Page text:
01 April 2011

Russia's Looming Population Crisis

Russia's population declined by nearly 3.4 million over the past decade, a census showed on Monday, offering more evidence that Russian economic growth will lag behind that of rival emerging powers China and India.

The Kremlin has tried to boost population growth, fearing that fewer births in an aging population will sap the economy, especially with a pension age of 55. The demographic black hole is expected to take 1 million workers out of the economy every year until 2017. _Sun

The collapse of Russia's demographic infrastructure is nearly complete. Infections such as tuberculosis and HIV are running out of control. Alcoholism, mental illness, suicide, and poverty run rampant. Russian women are unwilling to bring children into this ugly world that Putin has made. In time, Russia's military will no longer be capable of defending the nation's rich and vast Eastern Siberian land holdings, and China's huge population will naturally spill over to inherit the energy, mineral, and lumber wealth.
Russia still has serious, serious public health problems, notably AIDS and multi-drug resistant TB. With regards to the latter, the WHO recently issued a report indicating that Russia has the third largest number of infections in the world. Consider. China has almost 10 times the population as Russia, but only about double the number of infections, meaning that Russia’s infection rate is about 5 times China’s. The ratio is only slightly better when compared to India. These problems are bad in themselves, but are symptomatic of deeper problems that have baleful implications for Russian health and the potential for population growth. _SeekingAlpha
Russia's population could shrink by more than 20 million over the next few decades. There will not be enough young Russian men to run the civilian economy, much less to man the military.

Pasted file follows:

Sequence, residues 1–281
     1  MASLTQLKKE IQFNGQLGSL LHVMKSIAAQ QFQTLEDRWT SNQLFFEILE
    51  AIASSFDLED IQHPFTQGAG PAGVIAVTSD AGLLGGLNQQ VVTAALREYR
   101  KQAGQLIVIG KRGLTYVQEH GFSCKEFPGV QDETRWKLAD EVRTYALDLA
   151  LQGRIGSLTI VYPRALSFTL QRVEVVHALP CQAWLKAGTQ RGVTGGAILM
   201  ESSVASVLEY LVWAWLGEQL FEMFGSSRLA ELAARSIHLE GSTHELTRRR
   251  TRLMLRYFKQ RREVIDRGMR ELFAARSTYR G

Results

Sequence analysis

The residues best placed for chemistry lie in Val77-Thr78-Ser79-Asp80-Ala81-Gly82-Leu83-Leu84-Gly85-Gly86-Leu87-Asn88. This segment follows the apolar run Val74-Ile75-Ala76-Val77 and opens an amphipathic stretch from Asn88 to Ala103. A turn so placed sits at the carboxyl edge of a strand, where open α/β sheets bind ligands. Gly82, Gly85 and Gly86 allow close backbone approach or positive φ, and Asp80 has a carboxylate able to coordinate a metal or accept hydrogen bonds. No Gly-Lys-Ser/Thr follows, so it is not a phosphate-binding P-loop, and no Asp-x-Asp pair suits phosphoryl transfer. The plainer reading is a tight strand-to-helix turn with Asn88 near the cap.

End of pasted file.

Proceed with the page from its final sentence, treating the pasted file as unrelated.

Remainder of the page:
A report published by Standard & Poor's says Russia’s population might shrink from roughly 140 million people to 116 million people by the middle of the century. At current spending rates, this would increase government age-related expenditures from 13 percent to more than 25 percent of gross domestic product. And analysts warn that Russia's national debt could be nearly six times the country's GDP by 2050 as a result.

Sergei Zakharov, deputy director of the Institute of Demography in Moscow, says a high morbidity rate is one of the main reasons for the imbalance. "Our death rate from outside reasons, such as accidents, traumas, poisoning, murders, suicides - everything that is not connected to disease. The level of human loss here is similar to the countries at war such as Columbia, which is at war with is drug barons. So the first thing that needs to be dealt with is that," Zakharov said. _VOANews
High mortality and low fertility are burning Russia's demographic candle at both ends. Meanwhile, highly placed ex-KGB officials and other government thugs are sucking Russia's wealth dry, and sending it to private accounts out of the country.

Russia is wealthy, in terms of energy and mineral deposits, and other natural resources. But Russia cannot access and produce its vast wealth without outside help. And every time outsiders come in to develop Russia's resources, Russia steals all the infrastructure the outsiders bring in and develop. And so Russia's main export of note is its young, beautiful women -- both as mail order brides to the west, and as workers for the world's brothels.

Of course, women are exploited inside Russia as well -- which is why so many of them are desperate to leave. Neither is Russia a very child-friendly place. And men tend to die before the age of 60 -- never living long enough to reach retirement age.

The Russian tragedy is that Russia's people never grew out of serfdom and obeisance to authority. Putin's Russia is slipping back into the Soviet and Tsarist repressionism of ages past. But modern Russia has satellite TV, the internet, and many other connections to the outside world. Any Russians who bother to make comparisons between their own sad state of affairs, and conditions in the western world -- even a western world experiencing a prolonged economic downturn -- become progressively crushed under the weight of despair and hopelessness.


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Blogger kurt9 said...

There are around 10 million Turks working as guest workers in Russia. Much of Russian construction is done by these Turks.

Friday, 01 April, 2011  
Blogger al fin said...

Kurt: Are these Turks from Turkey, or Turkish peoples from Central Asia?
Or are they actually "Turks" as a figure of speech, as in "young Turks?"

Just kidding.

The Muslim population of Russia is certainly growing at a faster rate than the ethnic Russian population -- but apparently even that input is not enough to keep the total population from shrinking.

Sunday, 03 April, 2011  

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